Earlier this month, the WORLD VIDEO GAME HALL OF FAME announced its winning candidates for their 2020 induction ceremony.
Have you ever wanted to own your own arcade machine in your basement? (Notice how we refuse to use the term MAN CAVE here?
How many hundreds (or thousands) of dollars in quarters have you thrown into one of these electronic marvels, only to end up dying on the final level because some idiot jostled your arm at the last moment?
Wouldn’t you like to own your own arcade machine? We know what you’re thinking — we don’t want to own a single game. What would happen if we ever got bored of playing Ms Pac Man? That’ll just be a total waste of money.
If you’re like Web Watch, you’ve likely spent hundreds – if not thousands – of quarters at the local mall arcade playing Pac-Man, Defender, Smash TV, Zaxxon, Spy Hunter, any number of pinball games like the Addams Family machine, iRobot, and many others.
And while you may have your own personal favorite to play because you were good at the game or you liked the storyline, there’s that one machine that everybody seems to love (or at least, think nostalic about) but everyone hated to play.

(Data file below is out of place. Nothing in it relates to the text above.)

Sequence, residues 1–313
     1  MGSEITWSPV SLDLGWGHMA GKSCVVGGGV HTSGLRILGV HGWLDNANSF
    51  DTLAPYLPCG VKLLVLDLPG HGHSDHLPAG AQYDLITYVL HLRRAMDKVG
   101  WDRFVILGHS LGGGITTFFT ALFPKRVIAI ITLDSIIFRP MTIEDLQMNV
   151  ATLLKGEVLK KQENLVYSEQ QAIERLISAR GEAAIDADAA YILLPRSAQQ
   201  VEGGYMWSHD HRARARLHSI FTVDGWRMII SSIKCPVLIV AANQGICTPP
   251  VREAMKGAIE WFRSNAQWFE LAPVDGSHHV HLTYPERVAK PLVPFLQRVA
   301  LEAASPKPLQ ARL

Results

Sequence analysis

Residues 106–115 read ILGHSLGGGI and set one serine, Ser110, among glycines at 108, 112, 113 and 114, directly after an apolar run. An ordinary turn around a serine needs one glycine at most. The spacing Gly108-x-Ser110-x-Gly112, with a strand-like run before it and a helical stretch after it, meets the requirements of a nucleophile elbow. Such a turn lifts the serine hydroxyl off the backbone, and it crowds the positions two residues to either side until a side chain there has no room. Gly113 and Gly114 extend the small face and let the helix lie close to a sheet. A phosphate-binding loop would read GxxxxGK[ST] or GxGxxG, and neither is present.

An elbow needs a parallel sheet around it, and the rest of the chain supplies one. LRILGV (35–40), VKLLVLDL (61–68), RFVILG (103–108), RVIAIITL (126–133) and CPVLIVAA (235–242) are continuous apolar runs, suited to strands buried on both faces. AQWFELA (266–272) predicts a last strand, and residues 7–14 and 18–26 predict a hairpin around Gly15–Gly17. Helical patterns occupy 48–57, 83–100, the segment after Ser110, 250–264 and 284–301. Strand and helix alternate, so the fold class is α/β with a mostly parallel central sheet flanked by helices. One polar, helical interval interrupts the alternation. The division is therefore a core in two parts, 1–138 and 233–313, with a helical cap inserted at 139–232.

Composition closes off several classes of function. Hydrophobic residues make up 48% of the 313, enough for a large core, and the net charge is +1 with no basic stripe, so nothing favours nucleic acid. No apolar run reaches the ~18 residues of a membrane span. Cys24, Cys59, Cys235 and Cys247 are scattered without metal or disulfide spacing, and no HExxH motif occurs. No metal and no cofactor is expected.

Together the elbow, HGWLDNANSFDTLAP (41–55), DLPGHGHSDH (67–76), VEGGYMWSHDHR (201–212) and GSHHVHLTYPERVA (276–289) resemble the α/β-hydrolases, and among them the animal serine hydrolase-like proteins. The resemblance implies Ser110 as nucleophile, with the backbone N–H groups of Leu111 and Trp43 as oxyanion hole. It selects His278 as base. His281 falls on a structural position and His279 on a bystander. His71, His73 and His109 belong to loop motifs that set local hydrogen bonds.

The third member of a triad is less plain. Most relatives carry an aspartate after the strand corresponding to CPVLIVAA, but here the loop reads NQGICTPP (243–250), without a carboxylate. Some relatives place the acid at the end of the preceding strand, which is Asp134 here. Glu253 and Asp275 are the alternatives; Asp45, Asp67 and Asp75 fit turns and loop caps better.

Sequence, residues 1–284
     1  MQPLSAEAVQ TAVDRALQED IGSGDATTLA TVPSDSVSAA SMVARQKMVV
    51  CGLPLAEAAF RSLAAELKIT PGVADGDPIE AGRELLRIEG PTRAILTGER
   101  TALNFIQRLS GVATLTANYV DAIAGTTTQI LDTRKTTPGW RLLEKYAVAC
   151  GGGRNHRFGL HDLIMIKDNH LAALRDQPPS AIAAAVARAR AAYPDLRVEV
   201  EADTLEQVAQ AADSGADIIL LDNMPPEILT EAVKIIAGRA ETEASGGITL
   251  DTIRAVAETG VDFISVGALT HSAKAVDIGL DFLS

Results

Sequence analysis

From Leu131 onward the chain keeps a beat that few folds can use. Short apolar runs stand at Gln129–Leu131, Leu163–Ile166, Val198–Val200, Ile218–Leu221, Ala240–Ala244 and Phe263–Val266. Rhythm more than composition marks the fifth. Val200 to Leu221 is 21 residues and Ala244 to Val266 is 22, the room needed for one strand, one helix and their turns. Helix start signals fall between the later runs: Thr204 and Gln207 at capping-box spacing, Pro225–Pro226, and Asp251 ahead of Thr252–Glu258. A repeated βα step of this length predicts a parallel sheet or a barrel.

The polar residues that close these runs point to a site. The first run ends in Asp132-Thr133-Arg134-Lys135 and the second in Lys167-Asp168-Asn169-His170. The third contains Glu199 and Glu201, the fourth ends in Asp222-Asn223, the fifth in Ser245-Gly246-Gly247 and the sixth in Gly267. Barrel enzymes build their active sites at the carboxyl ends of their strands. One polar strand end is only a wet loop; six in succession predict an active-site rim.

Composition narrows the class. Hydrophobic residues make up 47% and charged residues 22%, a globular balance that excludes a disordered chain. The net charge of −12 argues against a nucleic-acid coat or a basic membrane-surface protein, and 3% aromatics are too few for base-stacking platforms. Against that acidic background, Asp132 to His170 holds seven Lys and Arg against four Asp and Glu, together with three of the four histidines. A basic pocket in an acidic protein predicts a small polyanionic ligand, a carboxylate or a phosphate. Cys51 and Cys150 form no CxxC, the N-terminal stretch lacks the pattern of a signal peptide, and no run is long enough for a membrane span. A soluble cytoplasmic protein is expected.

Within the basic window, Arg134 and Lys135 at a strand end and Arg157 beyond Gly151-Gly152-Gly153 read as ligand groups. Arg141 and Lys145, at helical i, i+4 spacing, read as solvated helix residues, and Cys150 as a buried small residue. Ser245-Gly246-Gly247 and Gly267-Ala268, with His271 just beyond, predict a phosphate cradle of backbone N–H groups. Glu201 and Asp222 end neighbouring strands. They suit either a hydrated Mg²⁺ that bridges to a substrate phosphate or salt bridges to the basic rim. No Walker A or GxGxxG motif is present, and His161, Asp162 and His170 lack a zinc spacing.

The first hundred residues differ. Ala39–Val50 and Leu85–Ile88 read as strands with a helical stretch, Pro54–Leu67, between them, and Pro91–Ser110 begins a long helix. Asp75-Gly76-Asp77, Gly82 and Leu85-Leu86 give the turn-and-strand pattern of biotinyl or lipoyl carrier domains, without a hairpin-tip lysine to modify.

Except for That One Guy who knew all the right moves at all the right times.
Hopefully by now, you’ve heard the story about Caine Monroy and the arcade he made in his dad’s shop, where all the games were made entirely out of cardboard.
No? It’s a phenomenal story. Here – watch this, then continue…
Web Watch is a big fan of the classic video games that populated arcades back in the 80’s and early 90’s.
Not like today’s gaming arenas, filled with craptastic ticket-dispensing machines that teach kids different variations of gambling in order to “earn” enough tickets to buy a lousy stuffed animal that would have cost half as much if purchased directly from the local Toys R Us.
No, we’re talking the classic quarter-munching games like Galaga, Ms Pac Man, Defender, i-Robot, Dig Dug, Robotron, and others from the best game years.
Laugh all you want, Nintendo-boy. We liked our games simple, with a single joystick and maybe two buttons. Cheesy audio and bad graphics were state-of-the-art at the time… and you still felt as if you got your quarter’s worth every time you played.